Almost everyone knows who Virginia Woolf is. Whether you’ve heard of her collection of essays A Room of One’s Own, or are more well–versed in works of fiction such as Mrs Dalloway and Orlando, or have simply heard her name in the title of Edward Albee’s 1962 Who’s Afraid of Virginia Woolf?, you’re likely aware of her as a significant literary figure of the 20th century. Less well–known, however, is a contemporary of hers who was seeking ‘a life of one’s own’ three years before Woolf was demanding the same proprietorship over a room. That contemporary is the often-forgotten, but extremely worthy Sylvia Townsend Warner.
Warner’s most famous text is Lolly Willowes, a novel described by Lucy Scholes in The Guardian as an ‘early feminist classic’ which details the life of a young woman (the titular Laura ‘Lolly’ Willowes), and her liberation from her oppressive family, achieved through moving to a village called Great Mop and becoming a witch. It’s about as bizarre as it sounds, but in terms of literary merit, it is both exceptionally well–written and compulsively readable. Lolly herself is a very lovable character, and the plot preaches its feminist message with great success – Lolly says that one becomes a witch “to have a life of one’s own, not an existence doled out to you by others”, a very laudable idea indeed, and a startlingly clear and well–rendered one considering the book was published in 1926. So why, if Warner was expressing many of the same ideas as Woolf, a few years earlier, has she been consigned to the annals of history, and mostly forgotten?
One reason is that Warner was nowhere near as prolific a writer as Woolf was. Although she lived more than 20 years longer than Woolf did, Woolf published more fiction than Warner, and Woolf’s fiction was far more successful, whereas only one of Warner’s six books was considered a success at all. Another reason is that Woolf was more outspoken with her views on liberation, evidenced by the publication of A Room of One’s Own, which is rightfully considered to be a key work of feminist criticism. The final reason is that in terms of literary style and ability, Woolf was a revolutionary in a way that Warner was potentially not. After all, Woolf is considered to have pioneered the stream of consciousness style, and she is considered a key figure in modernism. All these factors definitively contribute towards Woolf’s success and acknowledgement as a literary figure, but don’t do all that much to explain Warner’s comparative dismissal.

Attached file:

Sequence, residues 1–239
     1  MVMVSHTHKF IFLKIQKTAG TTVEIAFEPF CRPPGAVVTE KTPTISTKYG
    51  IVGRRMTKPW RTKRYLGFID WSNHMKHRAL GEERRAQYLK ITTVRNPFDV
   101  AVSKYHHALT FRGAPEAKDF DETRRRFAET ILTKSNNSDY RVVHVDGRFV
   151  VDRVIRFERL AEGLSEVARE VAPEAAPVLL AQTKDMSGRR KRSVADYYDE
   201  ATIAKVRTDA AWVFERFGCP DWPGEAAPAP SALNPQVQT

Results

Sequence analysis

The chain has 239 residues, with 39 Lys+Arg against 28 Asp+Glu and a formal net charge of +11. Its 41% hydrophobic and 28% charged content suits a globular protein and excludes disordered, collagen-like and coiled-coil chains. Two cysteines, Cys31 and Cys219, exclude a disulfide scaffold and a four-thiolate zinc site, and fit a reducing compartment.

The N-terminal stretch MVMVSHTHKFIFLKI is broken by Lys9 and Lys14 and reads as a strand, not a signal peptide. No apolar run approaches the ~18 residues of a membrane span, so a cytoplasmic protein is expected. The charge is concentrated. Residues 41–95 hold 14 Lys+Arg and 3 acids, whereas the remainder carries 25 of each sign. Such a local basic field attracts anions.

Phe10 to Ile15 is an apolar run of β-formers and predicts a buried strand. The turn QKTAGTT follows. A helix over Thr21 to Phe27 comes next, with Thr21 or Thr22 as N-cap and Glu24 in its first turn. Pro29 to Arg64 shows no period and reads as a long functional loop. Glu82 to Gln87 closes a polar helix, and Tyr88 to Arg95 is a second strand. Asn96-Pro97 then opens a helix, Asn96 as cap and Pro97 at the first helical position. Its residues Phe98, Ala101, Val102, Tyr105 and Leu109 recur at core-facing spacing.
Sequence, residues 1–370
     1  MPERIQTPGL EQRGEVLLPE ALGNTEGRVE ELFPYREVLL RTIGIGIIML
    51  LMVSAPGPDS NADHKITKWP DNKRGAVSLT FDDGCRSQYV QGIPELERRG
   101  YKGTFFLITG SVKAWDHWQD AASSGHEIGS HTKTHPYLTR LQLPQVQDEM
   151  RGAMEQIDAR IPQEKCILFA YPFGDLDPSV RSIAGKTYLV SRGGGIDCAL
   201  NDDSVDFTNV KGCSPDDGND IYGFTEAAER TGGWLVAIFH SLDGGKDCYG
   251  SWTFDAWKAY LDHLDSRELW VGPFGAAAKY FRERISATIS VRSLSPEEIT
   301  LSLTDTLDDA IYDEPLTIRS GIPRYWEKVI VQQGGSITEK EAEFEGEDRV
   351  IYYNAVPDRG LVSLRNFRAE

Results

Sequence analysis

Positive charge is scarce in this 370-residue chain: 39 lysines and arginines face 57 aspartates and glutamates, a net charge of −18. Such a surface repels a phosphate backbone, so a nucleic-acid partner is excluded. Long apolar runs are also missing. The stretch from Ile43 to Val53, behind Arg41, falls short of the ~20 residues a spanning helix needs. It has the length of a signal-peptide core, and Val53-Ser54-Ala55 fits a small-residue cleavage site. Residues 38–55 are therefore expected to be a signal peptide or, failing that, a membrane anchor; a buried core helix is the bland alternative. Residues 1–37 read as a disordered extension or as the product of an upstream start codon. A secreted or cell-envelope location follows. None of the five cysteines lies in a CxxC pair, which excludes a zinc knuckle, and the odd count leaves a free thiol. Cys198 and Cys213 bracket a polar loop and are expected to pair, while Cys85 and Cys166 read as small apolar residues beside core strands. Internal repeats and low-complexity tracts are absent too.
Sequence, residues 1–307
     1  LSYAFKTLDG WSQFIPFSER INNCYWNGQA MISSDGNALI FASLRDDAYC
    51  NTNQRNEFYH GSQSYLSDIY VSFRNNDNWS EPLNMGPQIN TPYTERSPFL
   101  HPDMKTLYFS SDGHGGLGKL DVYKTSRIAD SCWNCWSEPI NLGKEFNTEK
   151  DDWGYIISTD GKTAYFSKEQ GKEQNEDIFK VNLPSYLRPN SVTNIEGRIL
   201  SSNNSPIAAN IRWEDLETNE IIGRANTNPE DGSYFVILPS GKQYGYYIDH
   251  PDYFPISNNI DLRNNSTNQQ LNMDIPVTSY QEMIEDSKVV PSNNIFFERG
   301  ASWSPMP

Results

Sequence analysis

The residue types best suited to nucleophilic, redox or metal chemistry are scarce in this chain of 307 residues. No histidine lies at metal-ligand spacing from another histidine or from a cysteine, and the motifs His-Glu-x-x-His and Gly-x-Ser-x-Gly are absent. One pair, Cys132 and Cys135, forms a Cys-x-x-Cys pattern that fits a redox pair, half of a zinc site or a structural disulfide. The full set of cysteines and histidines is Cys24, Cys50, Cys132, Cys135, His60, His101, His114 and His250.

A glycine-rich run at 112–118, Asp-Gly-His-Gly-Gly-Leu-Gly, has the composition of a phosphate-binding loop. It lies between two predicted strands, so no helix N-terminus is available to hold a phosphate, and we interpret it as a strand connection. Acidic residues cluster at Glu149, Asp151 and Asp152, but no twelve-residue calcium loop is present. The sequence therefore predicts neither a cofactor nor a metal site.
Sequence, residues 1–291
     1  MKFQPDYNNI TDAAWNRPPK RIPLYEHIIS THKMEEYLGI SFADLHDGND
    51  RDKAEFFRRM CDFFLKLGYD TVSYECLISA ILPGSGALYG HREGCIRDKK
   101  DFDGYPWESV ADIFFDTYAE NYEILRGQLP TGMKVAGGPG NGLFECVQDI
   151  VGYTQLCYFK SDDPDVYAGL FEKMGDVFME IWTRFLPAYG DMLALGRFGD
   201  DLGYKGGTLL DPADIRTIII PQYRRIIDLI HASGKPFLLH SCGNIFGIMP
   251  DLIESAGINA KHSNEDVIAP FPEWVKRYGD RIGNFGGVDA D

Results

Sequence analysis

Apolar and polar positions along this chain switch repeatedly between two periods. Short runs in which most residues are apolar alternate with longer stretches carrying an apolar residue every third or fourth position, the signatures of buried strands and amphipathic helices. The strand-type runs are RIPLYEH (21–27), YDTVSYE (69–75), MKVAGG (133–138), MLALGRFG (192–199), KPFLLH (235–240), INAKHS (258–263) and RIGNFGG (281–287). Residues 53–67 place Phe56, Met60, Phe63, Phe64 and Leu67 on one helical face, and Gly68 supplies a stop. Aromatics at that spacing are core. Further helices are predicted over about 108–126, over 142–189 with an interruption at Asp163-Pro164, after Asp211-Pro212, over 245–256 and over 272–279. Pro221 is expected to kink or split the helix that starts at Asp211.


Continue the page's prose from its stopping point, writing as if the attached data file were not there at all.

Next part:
Another unfortunate reason for Warner’s obscurity could potentially be her homosexuality. Although Woolf was also known to have relationships with women, Warner settled down and lived with one woman for much of her life, and the two are buried together. The fact that Warner was a queer female feminist writer could very likely have contributed towards her not being studied or remembered, simply because that was too many revolutionary factors at once. Despite this possibility, it seems unlikely that Warner’s homosexuality would render her forgotten, when so many other well–remembered writers, including, of course, Woolf herself, were similarly involved with people of the same sex. Whilst it may be true that in the late 20th century, the world – and the high school education system – was not entirely ready for such a committed lesbian feminist, it seems that in 2018, with LGBT Pride prevailing and at least three queer writers on the Wimbledon High School A–Level scheme alone (Wilde, Woolf and Winterson), Warner’s homosexuality would not be sufficient reason for her to be excluded from syllabuses.
Perhaps rather than searching for a reason for Warner’s obscurity, the correct thing to do is think that maybe, it’s just one of those things. A combination of factors could contribute towards her being less popular than contemporaries such as Woolf, but equally, it could just be an unfortunate coincidence. And it’s not as if nobody’s ever heard of Warner. Lolly Willowes is on sale in the Wimbledon Waterstones – which, as I’m sure we all know, has a fairly woefully inadequate selection of more obscure literature – and was selected as one of Robert McCrum’s 100 best novels, falling in 52nd place, along with such acclaimed masterpieces as Orwell’s 1984 and Woolf’s Mrs Dalloway. Warner’s Wikipedia article has more than two sections, and she’s had at least two biographies written about her. She’s really not doing all that badly.
So Warner is popular enough to be readily available, without reaching the point of corruption and indignity represented by having some rubbishy made–for–TV Lifetime movie made about her life. She could definitely do with being a little more notorious, but to me, she seems to fall in a fairly sweet spot of recognition. And to some extent, I think there’s something a little bit nice about being a fan of a lesser–known author. Sure, there might be less material on them; sure, it might be more difficult to obtain their works. But that just makes looking for articles and biographies that little bit more interesting; it just makes finding that battered first–edition paperback in a second–hand bookstore that little bit more special. It’s definitely a real shame that she’s not all that widely read, but she’s not completely forgotten. Rather than search for reasons for the former, we should celebrate the latter, and attempt to amend her obscurity. The best way to do that – and the way I would highly recommend as well – would be to pick up a copy of Lolly Willowes at your local bookstore. I promise you’ll enjoy it.